Joseph Riggs

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My artwork takes a contemporary look at the American West, using some of the principles of the Impressionists and Post impressionists. It is Southwest Modernism. My journey as an artist has taken a multitude of paths.  After 40 years as a criminal defense attorney in New Mexico, I began a new life and a new career as an artist. I had always painted, and much of my earlier artistic career focused on rodeos and rodeo cowboys. I moved from Albuquerque to Santa Fe in 2013. In 2015 I had the good fortune to have an artistic life changing experience. I spent six weeks in Paris, France experiencing life as a Frenchman. I walked the streets of Picasso, Monet, Cezanne , Van Gogh and so many others of the Impressionist, and the Post impressionists. And I learned one of the important lessons taught by these masters, “Paint what inspires you, and, if luck smiles upon you, someone else might love it enough to buy it”.  I determined to make that path my own. 
I returned to New Mexico with a new perspective. I wanted to experiment with new materials and new subjects. I wanted to see where my inspirations led. My new paintings begin to focus on what I loved most about New Mexico and the Southwest. The sky has always fascinated me, both the daytime sky and the nighttime sky with its millions of stars. I began to paint Native American subjects which had been a mystery to me since my childhood in Texas. And I begin to feel the spirit of Picasso, Paul Cezanne, Juan Gris, Georges Braque, and Albert Gleizes.  Their spirits had guided me in Paris. I have always loved Cubism, and it’s roots with Cezanne. And, it was fitting that it is now the 100th anniversary of this early 20th Century art movement. Could I combine these spiritual influences, and make them my own, and like what I was painting? Could I follow the storied Southwest Modernism movement of Georgia O’Keeffe, Marsden Hartley, Raymond Jonson, Andrew Dasburg, John Marin and Cady Wells? Could I put all of these influences together, and carve my own artistic path? I was determined to try.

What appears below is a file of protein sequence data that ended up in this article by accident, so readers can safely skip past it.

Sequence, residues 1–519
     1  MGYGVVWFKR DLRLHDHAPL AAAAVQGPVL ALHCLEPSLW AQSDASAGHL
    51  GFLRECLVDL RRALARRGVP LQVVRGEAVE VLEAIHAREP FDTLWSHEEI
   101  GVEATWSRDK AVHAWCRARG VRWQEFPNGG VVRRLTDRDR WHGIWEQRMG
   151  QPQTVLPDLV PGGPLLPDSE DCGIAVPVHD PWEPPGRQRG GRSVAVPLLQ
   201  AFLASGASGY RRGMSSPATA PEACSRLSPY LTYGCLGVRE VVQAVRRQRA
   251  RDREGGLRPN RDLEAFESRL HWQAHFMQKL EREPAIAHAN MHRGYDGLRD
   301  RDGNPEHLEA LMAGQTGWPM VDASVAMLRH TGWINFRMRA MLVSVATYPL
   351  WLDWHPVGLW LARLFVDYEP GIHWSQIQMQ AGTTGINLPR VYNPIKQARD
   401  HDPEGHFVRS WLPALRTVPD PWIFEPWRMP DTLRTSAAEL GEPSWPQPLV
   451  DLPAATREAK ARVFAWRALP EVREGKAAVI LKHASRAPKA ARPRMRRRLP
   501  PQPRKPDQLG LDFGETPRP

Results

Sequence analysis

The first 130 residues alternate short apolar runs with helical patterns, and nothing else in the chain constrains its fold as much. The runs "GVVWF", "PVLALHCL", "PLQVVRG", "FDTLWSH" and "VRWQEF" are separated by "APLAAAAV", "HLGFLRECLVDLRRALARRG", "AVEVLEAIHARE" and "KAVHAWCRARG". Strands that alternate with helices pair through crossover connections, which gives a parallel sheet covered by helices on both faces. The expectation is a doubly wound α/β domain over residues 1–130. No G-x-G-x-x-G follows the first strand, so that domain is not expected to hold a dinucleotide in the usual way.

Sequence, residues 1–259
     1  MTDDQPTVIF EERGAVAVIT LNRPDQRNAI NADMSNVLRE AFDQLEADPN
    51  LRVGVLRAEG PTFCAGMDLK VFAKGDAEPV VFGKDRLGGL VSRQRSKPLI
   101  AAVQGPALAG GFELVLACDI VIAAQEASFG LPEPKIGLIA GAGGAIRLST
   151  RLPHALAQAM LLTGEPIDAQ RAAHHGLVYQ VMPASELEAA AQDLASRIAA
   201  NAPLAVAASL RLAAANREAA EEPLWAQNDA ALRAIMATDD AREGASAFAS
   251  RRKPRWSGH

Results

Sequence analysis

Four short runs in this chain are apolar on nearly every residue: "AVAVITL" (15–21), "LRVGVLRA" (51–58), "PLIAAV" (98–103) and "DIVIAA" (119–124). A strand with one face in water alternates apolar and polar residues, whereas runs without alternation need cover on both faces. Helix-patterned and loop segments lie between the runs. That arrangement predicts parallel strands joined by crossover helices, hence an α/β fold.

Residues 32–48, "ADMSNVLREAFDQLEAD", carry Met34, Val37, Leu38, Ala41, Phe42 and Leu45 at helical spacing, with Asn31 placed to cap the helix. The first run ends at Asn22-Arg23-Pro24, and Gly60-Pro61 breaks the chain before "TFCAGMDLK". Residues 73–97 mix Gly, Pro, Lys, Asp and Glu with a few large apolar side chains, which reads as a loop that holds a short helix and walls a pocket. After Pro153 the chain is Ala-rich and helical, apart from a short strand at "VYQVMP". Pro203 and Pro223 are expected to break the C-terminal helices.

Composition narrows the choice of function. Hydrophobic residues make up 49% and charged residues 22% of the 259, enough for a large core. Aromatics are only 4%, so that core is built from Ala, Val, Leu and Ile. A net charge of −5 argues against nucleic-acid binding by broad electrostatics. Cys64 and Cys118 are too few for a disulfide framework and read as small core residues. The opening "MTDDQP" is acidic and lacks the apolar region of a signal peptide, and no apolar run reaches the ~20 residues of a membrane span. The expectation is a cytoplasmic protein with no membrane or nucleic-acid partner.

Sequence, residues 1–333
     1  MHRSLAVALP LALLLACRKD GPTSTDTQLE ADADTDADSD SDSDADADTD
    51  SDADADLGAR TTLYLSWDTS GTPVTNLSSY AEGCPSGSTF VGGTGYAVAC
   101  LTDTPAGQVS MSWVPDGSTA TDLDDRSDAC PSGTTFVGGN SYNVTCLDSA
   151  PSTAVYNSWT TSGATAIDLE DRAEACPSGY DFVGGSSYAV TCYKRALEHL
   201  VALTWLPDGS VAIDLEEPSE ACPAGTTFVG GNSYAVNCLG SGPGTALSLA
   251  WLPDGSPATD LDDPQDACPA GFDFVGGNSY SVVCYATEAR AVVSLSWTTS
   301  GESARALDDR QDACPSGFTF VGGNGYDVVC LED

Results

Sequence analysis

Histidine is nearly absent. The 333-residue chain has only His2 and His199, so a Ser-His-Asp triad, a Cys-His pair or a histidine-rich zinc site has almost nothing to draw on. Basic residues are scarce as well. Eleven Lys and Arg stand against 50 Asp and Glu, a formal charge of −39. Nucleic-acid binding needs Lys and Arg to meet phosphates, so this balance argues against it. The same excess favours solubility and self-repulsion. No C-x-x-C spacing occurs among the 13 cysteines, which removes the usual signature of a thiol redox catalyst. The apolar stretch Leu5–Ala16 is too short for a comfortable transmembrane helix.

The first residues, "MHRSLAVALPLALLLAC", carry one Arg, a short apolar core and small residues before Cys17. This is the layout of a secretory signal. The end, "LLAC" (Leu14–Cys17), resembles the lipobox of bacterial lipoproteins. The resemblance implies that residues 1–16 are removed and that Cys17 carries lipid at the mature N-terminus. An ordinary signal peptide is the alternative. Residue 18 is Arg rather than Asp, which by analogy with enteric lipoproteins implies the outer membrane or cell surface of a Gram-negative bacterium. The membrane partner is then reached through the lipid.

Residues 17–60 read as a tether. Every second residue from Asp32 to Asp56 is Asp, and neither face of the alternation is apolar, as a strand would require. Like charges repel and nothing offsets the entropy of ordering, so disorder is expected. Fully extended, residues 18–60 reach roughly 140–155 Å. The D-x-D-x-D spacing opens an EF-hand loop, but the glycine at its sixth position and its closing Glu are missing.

Most recently, my spiritual influences have led me deeper into abstraction.  Focusing on the line, the color, the shape, the overall impression and the ultimate image has pushed me toward complete abstraction. No longer do I try to copy or paint an object. I don’t want to make a picture of something. Color is no longer just for coloring. Color becomes part of the form itself. Line is no longer the guide to painting a shape.  Line becomes part of the form itself. Color and line create the shape and dimension. I want the painting to be defined by the viewer’s imagination.  I want the viewer to find his/her imagination in my form, color and shape. I hope that you enjoy joining me on this adventure.